The military junta parliament passed a Broadcasting Act of 2008 in December 2007. It came into force in March 2008. The new law revokes the old one which reserved monopoly rights in the broadcast sector to the government and governmental agencies. The new law requires that all broadcasters, stations, and operators have a license from the broadcasting regulator to be appointed by the senate.

In July 2008, the Juridical Council decided that by enactment of the new Broadcasting Act of 2008, all of the regulations, decisions, and administrative guidelines issued by virtue of the repealed Radio and Television Act ceased to exist as they were superseded by the new Broadcasting Act of 2008. The Juridical Council also ruled that, pending the establishment of NBC, TPBS is not subject to provisional authority of the Broadcasting Act 2008. As a result of the Juridical Council ruling, broadcasting in Thailand is free and unregulated. However, given the fact that all the existing radio stations belong to the Thai Government, military or security agencies, the issue of free speech or civil rights has never been challenged or tested in those "mainstream" radio stations. For television, all TV stations are either owned by government, the military, or subject to concession agreements which give de facto censoring power to the government as an owner.

As of June 2009, the National Telecommunications Commission as a temporary regulator/licensor for community radio and cable television, proposed the draft "Provisional CR License" and requested comment from the public. The regulation on CR Temporary License became effective on 25 July 2009 and the first license could be issued 30 days following the effective date. The provisional license will be in force for 300 days but can be renewed for another similar period or until the new regulator comes into existence.

In December 2010, the parliament passed a new law which would forever change the landscape of radio and television services in Thailand. The new NBTC would be created to oversee both telecommunications and broadcast sector in Thailand. The key task of the NBTC is to reform the AV spectrum and reassign spectrum for different categories of use as prescribed by the 2008 act. Airwaves would be privatized according to Spectrum Master Plan and AV Master Plan to be adopted by NBTC. It is expected that the NBTC will replace NTC within 2011. The implication of having an independent media and telecom regulator in a single body is very profound. First, the regulator is tasked with privatization of the airwaves in AV sector. This is the most challenging task of the NBTC, i.e., taking away radio and TV from government and reallocating and reassigning spectrum for private, commercial, and societal use. The Broadcasting Act of 2008 divides radio and TV licenses into three main categories: a) commercial, b) noncommercial/ public and, c) community. The commercial service license is subdivided into three classes which are i) national license, ii) regional license and, iii) local license.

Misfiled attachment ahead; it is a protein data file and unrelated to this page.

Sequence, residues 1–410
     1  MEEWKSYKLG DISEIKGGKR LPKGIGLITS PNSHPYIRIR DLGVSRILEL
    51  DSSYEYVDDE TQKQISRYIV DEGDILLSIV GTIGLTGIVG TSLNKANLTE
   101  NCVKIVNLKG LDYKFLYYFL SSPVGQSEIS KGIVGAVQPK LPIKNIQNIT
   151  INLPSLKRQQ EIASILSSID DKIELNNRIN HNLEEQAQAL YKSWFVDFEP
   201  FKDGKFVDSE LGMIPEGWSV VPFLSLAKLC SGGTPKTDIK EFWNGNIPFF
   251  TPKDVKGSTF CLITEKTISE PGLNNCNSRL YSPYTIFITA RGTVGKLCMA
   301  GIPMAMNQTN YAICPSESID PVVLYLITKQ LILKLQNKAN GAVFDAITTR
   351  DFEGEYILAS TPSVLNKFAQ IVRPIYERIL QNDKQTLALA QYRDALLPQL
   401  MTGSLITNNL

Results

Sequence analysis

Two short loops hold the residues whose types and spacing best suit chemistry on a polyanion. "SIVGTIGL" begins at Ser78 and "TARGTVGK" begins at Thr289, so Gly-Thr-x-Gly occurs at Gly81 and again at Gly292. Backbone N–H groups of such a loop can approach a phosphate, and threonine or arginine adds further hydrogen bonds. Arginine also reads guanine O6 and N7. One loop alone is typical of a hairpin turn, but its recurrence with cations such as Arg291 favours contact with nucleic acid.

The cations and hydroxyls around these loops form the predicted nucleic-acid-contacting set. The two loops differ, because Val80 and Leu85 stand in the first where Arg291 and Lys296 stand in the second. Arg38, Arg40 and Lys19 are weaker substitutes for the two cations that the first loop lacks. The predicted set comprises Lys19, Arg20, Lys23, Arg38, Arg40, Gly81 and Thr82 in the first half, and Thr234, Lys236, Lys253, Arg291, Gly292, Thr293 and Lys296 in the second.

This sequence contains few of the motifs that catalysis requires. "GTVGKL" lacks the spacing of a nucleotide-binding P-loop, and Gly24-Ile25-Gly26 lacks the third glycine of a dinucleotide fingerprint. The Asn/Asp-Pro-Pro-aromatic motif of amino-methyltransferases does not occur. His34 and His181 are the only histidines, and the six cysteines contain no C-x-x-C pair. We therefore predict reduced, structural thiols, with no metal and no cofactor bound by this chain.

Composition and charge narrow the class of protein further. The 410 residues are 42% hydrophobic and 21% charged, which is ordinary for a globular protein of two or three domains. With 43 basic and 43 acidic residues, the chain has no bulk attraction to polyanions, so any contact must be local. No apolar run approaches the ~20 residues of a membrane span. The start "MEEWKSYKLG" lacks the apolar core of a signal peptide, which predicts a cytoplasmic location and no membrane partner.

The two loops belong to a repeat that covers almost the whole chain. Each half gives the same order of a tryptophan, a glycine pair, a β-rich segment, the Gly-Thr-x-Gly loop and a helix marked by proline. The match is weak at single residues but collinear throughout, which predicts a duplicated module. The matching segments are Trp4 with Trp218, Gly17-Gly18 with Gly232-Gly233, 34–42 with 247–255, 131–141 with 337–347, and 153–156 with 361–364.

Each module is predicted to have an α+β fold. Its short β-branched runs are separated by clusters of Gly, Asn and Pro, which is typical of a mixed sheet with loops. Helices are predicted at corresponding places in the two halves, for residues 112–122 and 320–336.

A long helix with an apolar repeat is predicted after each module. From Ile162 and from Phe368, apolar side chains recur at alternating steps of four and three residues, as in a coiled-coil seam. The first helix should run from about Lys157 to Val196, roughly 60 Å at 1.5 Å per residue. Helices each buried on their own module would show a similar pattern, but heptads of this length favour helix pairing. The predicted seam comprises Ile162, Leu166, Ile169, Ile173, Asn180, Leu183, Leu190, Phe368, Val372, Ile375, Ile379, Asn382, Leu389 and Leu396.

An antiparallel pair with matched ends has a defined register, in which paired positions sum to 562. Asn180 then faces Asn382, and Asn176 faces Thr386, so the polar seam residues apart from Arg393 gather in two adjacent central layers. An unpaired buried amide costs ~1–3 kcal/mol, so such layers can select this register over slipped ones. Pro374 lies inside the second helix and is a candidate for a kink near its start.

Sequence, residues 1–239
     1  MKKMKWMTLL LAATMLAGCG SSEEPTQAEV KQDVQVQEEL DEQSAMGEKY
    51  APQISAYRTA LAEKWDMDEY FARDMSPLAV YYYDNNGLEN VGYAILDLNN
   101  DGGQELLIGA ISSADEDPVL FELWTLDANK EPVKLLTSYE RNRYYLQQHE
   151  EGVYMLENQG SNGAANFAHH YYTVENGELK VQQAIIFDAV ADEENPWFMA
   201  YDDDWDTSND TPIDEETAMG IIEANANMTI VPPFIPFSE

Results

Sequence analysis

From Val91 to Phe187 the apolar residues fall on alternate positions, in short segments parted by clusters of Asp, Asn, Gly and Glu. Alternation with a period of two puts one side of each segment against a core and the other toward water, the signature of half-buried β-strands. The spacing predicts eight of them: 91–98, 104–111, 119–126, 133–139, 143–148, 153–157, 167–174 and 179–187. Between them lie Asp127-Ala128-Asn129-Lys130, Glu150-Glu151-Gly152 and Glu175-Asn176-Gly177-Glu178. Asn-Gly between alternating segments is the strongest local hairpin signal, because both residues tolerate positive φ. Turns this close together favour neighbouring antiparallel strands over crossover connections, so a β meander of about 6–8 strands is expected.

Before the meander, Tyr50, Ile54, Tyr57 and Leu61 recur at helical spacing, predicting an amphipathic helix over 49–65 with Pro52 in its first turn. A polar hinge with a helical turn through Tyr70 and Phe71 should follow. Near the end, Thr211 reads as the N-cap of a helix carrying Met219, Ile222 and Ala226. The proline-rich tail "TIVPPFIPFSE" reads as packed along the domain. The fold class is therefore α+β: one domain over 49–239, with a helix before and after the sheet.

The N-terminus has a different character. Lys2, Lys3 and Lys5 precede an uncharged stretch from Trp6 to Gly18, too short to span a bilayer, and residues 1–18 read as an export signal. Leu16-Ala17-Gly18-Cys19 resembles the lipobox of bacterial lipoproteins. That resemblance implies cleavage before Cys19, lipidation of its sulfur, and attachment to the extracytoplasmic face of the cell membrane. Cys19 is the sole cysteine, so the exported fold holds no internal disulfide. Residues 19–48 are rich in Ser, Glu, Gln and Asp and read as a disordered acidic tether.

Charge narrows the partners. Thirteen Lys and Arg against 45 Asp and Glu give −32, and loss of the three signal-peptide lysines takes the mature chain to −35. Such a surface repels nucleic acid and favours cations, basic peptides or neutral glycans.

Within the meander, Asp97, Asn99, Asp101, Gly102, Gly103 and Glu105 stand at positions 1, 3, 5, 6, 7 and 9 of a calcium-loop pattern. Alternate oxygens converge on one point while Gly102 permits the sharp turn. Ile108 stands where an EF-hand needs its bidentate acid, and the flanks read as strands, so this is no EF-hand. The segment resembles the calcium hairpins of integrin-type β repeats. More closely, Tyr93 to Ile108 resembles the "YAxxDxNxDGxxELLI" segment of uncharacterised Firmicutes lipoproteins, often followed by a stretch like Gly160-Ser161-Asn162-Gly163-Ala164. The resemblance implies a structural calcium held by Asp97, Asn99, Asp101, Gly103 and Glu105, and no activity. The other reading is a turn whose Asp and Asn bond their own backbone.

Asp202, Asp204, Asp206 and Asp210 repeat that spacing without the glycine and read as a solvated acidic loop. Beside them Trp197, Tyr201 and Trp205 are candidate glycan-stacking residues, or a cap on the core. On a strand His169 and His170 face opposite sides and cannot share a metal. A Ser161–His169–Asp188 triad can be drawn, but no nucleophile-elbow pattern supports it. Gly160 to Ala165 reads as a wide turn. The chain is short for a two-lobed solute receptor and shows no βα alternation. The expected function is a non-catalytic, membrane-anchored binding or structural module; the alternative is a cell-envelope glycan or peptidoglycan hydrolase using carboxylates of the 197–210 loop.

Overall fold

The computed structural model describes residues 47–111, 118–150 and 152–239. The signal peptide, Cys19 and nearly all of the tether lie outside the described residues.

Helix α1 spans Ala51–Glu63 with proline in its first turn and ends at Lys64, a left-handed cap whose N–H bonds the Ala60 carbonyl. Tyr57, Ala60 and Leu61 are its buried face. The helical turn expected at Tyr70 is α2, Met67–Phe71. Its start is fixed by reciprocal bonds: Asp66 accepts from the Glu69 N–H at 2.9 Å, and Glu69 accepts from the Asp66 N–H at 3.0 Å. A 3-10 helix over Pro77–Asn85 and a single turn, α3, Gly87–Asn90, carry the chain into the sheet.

As of July 2011, the first step of selection process was half-way complete, i.e., the first of the two name lists was finalized and was passed to the senate for selection. After the two name lists are combined, the senate will be notified and will eventually select NBTC from the two name lists. In August 2011, the two name lists were sent to the senate. The senate set up a special committee to recommend the nominees amidst allegations of wrongdoing and kick backs. The NBTC will consist of 11 members, five of whom will act as telecommunication commission, while another five commissioners will act as a broadcast commission. The chairman of NBTC is not allowed to sit in either commission.